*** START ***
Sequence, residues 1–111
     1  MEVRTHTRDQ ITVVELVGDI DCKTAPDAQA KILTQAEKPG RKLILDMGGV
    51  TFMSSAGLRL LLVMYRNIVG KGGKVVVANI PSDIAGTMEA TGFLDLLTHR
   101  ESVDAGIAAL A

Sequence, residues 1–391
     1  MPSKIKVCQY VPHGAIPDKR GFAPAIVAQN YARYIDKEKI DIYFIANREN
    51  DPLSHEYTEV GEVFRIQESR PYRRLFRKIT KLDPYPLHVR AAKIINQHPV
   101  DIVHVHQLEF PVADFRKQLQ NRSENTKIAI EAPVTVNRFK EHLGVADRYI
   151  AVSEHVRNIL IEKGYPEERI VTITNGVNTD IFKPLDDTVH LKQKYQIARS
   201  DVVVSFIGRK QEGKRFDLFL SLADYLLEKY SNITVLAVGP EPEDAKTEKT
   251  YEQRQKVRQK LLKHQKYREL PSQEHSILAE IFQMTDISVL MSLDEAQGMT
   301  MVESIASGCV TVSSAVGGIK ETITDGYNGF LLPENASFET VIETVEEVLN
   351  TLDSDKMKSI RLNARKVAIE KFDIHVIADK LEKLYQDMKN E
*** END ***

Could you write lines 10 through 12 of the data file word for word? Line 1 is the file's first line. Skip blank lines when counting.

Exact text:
   201  DVVVSFIGRK QEGKRFDLFL SLADYLLEKY SNITVLAVGP EPEDAKTEKT
   251  YEQRQKVRQK LLKHQKYREL PSQEHSILAE IFQMTDISVL MSLDEAQGMT
   301  MVESIASGCV TVSSAVGGIK ETITDGYNGF LLPENASFET VIETVEEVLN